I love the way '80s Actual covers obscure as well as famous pop culture from the decade. I note you have included some original press release photographs of the mid-'80s Granada soap Albion Market in your posts on the subject, and wonder if you would kindly upload a few more to stir up some more memories for me? I rather liked this programme. My wife and I were brand new parents when Albion Market started, and were taking life as quietly as possible, and Albion Market suited us because it wasn't as loud and brash as EastEnders. Keep up the good work!

Happy days, eh, Barry? There's a few more Albion Market images below. Hope it takes you back. Adjusting to parenthood is truly a magical (and absolutely exhausting!) experience.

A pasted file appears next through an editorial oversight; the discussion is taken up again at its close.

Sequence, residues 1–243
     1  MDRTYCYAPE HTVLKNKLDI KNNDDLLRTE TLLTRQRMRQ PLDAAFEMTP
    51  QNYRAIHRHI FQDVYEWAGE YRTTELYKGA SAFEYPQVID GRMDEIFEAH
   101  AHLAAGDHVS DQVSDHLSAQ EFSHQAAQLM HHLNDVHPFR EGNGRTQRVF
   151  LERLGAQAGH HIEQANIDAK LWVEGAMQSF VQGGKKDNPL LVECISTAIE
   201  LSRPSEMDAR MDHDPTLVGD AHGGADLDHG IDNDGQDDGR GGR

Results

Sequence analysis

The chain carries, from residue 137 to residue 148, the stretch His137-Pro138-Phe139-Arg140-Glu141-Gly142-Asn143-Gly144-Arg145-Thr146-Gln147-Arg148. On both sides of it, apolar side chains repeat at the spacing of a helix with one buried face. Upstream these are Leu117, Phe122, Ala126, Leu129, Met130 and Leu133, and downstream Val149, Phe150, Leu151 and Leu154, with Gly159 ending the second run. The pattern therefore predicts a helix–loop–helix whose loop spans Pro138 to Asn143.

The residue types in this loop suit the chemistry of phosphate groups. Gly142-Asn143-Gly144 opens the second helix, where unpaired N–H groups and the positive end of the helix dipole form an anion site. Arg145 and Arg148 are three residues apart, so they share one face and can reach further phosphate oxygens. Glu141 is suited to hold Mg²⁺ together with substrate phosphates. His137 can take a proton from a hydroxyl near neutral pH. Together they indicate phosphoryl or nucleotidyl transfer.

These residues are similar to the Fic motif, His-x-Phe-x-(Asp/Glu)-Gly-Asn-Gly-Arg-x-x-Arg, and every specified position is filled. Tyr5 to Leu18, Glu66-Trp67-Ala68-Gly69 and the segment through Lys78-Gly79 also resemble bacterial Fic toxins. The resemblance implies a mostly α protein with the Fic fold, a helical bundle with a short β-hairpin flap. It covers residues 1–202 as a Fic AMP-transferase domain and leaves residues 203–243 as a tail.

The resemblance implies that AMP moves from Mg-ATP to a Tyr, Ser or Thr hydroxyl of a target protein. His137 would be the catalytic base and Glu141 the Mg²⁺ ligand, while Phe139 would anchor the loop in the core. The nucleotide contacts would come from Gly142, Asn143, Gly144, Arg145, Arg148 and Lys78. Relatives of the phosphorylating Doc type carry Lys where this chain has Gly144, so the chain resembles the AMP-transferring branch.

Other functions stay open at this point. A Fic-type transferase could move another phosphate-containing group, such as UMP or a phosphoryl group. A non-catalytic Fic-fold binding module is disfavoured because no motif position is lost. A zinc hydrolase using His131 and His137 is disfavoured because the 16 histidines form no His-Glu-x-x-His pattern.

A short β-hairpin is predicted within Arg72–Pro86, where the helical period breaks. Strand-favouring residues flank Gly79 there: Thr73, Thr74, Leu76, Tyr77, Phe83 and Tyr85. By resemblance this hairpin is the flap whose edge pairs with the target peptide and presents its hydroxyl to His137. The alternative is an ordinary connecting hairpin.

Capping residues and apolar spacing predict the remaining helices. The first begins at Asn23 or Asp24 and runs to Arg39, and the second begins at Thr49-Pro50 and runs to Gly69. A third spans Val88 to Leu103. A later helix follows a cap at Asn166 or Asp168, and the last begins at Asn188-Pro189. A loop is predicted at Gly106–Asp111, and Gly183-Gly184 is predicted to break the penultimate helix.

Albion Market moments, left to right, top: Peggy Sagar (Paula Jacobs) pours a nice cuppa at the market cafe; Sita and Sushma Sharma (Seeta Indrani and Jamila Massey) are worried about Jaz - facing a court trial for a crime he didn't commit; Morris and Miriam Ransome (Bernard Spear and Carol Kaye) run the crockery stall and enjoy a cuppa.

Bottom row (left to right): Carol Broadbent (Barbara Wilshere) and Geoff Travis (Geoffrey Leesley) discover that Morris's cousin Joe (David Miller) tells tall tales; Larry and Brenda Rigg (Peter Benson and Valerie Lilley) celebrate their wedding on the market; and cousins
Ly Nhu Chan (Pik-Sen Lim) and Lam Quoc Hoa (Philip Tan) face many challenges as they settle down to market life - not least Hoa's gambling problem and Chan's love for the married market superintendent...

03 June 2010

Neighbours 25th Anniversary Poll - The Results!